- Certified copy of divorce decree (if applicable) – obtained from the probate court of the county where the divorce was finalized
- Certified copy of death certificate of former spouse (if applicable) – obtained from the state office of vital records
- Proof of home ownership (or rental agreement) - a copy of your most recent monthly mortgage statement or your rental agreement
- Employment verification - must be on company letterhead and have a recent date – ask your company’s human resources department for a letter stating how long you have worked for the company along with your current annual salary. (Note: You must include employment verification even if you are self employed.)
- Homestudy – obtain a certified copy of your homestudy from the social worker who conducted the homestudy
- License of your adoption agency (Note: check to be sure the date on the license is valid)
- Results of your criminal background check – visit your local police station to obtain this document
- Copy of the photo pages of your passport
- Letters of reference – it’s okay to use the same references you used for your homestudy.
- Copy of your most recent Federal income tax return – if you don’t have a copy, the IRS can provide you with a copy (go to http://www.irs.gov/faqs/faq1-6.html for instructions on requesting a copy)
- Power of Attorney (given to your adoption agency coordinator)
- Photographs of your family, relatives, pets, and house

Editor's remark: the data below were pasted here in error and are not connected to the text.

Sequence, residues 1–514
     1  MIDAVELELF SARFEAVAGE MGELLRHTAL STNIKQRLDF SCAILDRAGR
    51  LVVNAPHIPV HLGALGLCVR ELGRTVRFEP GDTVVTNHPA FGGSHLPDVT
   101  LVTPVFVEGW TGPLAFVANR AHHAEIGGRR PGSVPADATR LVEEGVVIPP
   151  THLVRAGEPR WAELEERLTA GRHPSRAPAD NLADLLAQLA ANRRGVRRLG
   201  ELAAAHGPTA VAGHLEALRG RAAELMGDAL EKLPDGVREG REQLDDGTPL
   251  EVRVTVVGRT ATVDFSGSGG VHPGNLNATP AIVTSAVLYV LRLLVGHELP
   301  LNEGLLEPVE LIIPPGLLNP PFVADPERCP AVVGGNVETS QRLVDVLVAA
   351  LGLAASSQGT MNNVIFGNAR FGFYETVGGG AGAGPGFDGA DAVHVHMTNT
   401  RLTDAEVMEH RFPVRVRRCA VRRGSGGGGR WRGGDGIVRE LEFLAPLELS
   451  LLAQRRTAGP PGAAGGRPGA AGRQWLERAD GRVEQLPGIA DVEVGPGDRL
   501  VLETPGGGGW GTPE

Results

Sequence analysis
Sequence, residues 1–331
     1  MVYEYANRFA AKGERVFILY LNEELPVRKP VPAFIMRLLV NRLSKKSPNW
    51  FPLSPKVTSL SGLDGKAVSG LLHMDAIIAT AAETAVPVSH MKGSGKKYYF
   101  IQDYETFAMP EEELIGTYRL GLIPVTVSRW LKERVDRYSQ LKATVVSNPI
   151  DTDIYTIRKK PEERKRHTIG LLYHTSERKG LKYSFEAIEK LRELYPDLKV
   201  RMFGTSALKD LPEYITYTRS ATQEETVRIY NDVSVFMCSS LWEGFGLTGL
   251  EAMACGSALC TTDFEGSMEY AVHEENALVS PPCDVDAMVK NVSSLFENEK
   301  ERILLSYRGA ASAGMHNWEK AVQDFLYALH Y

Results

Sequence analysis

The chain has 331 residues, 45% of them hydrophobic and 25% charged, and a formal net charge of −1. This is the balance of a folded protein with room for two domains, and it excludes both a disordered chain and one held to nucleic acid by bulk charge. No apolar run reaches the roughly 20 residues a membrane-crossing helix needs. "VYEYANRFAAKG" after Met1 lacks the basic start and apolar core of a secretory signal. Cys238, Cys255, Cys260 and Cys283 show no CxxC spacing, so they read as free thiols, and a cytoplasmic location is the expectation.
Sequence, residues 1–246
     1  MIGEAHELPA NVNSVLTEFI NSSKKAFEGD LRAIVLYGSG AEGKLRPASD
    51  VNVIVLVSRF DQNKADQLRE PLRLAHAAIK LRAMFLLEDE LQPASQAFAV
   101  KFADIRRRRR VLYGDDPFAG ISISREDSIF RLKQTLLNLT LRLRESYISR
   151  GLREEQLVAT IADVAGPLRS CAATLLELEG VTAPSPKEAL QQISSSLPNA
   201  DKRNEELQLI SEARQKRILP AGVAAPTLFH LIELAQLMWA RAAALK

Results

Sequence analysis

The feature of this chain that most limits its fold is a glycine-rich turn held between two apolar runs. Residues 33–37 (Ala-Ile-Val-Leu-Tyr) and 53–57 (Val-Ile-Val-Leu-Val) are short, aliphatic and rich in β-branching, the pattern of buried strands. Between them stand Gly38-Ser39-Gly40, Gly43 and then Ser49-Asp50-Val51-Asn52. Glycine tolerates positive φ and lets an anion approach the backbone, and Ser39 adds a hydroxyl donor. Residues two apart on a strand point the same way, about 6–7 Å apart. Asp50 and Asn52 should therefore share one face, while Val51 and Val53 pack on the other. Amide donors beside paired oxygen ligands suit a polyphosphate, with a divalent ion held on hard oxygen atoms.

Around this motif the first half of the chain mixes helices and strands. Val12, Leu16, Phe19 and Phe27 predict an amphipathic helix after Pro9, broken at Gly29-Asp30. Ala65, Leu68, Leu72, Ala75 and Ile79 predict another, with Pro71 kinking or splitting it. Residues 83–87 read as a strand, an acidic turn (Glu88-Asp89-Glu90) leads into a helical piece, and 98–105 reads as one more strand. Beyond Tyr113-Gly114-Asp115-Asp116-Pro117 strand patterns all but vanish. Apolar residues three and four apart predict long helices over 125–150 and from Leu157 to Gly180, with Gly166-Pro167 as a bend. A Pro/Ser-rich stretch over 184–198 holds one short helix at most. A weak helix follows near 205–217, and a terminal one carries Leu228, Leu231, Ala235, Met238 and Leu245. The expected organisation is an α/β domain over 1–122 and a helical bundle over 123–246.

The prospect of compiling a dossier can be overwhelming – it certainly was for us. We knew that any mistake in our dossier could delay the referral of our child and thus delay the adoption. If you are an extremely organized, detail oriented, and methodical person (if you view the term “obsessive-compulsive” as a compliment) you can probably compile your own dossier – many adoptive parents have successfully done so.
There is another option, however, if the idea of putting together your dossier is causing you a great deal of stress: You can pay someone else to compile your dossier for you. (The average cost is between $800 and $1,000 to get your dossier completed.) There are dozens of companies that do nothing but assemble dossiers for prospective adoptive parents. Who knew? Chances are, your adoption agency can recommend someone to help you with your dossier. If not, check the Internet – do a search
on “international adoption dossier” and you’ll find a smorgasbord of companies eager to help you.
Is it worth spending the extra money to have someone else compile (or help to compile) your dossier? The answer depends on you. If you are overwhelmed with the prospect of making sure that the proper seals are on the correct documents, then reducing your stress may be worth the price. On the other hand, if money is tight and you are a very organized person, you can certainly compile a proper dossier yourself. But remember: your dossier must be absolutely perfect (according to the standards of the country you’ve chosen to adopt from) or it will be rejected. Additional Resources:
Credits: Excerpted from "International Adoption Guidebook," Mary M. Strickert, © 2004